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Fled like a sunny beam;
Behind her descended
Her billows, unblended
With the brackish Dorian stream.
On the emerald main
Alpheus rushed behind,
As an eagle pursuing
A dove to its ruin
Down the streams of the cloudy wind.
Under the bowers
Where the Ocean Powers
Sit on their pearlèd thrones ;
Over heaps of unvalued stones;
Which amid the streams
Weave a network of colored light;
And under the caves,
Where the shadowy waves
Are as green as the forest's night;
And the swordfish dark,
Under the ocean foam,
And up through the rifts
Of the mountain clifts
They passed to their Dorian home.
And now from their fountains
In Enna's mountains,
Down one vale where the morning basks,
They ply their watery tasks.
From their cradles steep
In the cave of the shelving hill
Beneath the Ortygian shore,
In the azure sky
When they love but live no more.
SONG OF PROSERPINE
WHILE GATHERING FLOWERS ON THE PLAIN OF ENNA
SACRED Goddess, Mother Earth,
Thou from whose immortal bosom
If with mists of evening dew
Thou dost nourish these young flowers Till they grow, in scent and hue,
Fairest children of the hours,
Song of Proserpine, Published by Mrs. Shelley, 18391.
Breathe thine influence most divine
HYMN OF APOLLO
THE sleepless Hours who watch me as I lie,
Fanning the busy dreams from my dim eyes, Waken me when their Mother, the gray Dawn, Tells them that dreams and that the moon is gone.
Then I arise, and climbing Heaven's blue dome, I walk over the mountains and the waves, Leaving my robe upon the ocean foam;
My footsteps pave the clouds with fire; the
Are filled with my bright presence, and the air
The sunbeams are my shafts, with which I kill Deceit, that loves the night and fears the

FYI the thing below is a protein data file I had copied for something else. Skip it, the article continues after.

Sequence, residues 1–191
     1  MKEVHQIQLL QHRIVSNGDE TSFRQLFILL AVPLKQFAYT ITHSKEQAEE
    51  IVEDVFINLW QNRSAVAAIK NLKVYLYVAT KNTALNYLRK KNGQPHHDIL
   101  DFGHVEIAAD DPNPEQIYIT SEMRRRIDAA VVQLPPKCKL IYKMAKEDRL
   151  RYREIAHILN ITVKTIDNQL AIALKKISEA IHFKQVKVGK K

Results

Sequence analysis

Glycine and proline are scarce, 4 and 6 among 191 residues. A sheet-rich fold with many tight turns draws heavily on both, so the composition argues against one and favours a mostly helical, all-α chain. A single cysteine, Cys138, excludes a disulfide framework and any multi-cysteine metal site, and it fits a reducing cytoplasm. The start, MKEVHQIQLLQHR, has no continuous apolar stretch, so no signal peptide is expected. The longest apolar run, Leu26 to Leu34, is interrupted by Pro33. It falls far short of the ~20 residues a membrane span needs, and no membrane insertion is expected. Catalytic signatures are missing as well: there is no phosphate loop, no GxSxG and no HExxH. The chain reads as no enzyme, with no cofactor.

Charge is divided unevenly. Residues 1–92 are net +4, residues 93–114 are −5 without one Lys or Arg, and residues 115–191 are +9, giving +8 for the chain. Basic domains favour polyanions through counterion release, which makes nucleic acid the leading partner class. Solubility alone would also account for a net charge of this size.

All men who do or even imagine ill
Fly me, and from the glory of my ray
Good minds and open actions take new might,
Hymn of Apollo. Published by Mrs. Shelley, 1824.
I feed the clouds, the rainbows and the flowers With their ethereal colors; the moon's globe And the pure stars in their eternal bowers
Are cinctured with my power as with a robe; Whatever lamps on Earth or Heaven may shine Are portions of one power, which is mine.
I stand at noon upon the peak of Heaven,
For grief that I depart they weep and frown. What look is more delightful than the smile With which I soothe them from the western isle ?
I am the eye with which the Universe
HYMN OF PAN
FROM the forests and highlands
We come, we come ;
From the river-girt islands,
vi. 6 their | its, Rossetti.
Hymn of Pan. Published by Mrs. Shelley, 1824.
Where loud waves are dumb
Listening to my sweet pipings.
Liquid Peneus was flowing,
Speeded by my sweet pipings.
The Sileni, and Sylvans, and Fauns,
And the Nymphs of the woods and waves, To the edge of the moist river-lawns,
And the brink of the dewy caves,
And all that did then attend and follow, Were silent with love, as you now, Apollo,
With envy of my sweet pipings.
of the dancing stars,
I sang of the dædal Earth,
And of Heaven and the giant wars,
And Love, and Death, and Birth;-
It breaks in our bosom and then we bleed.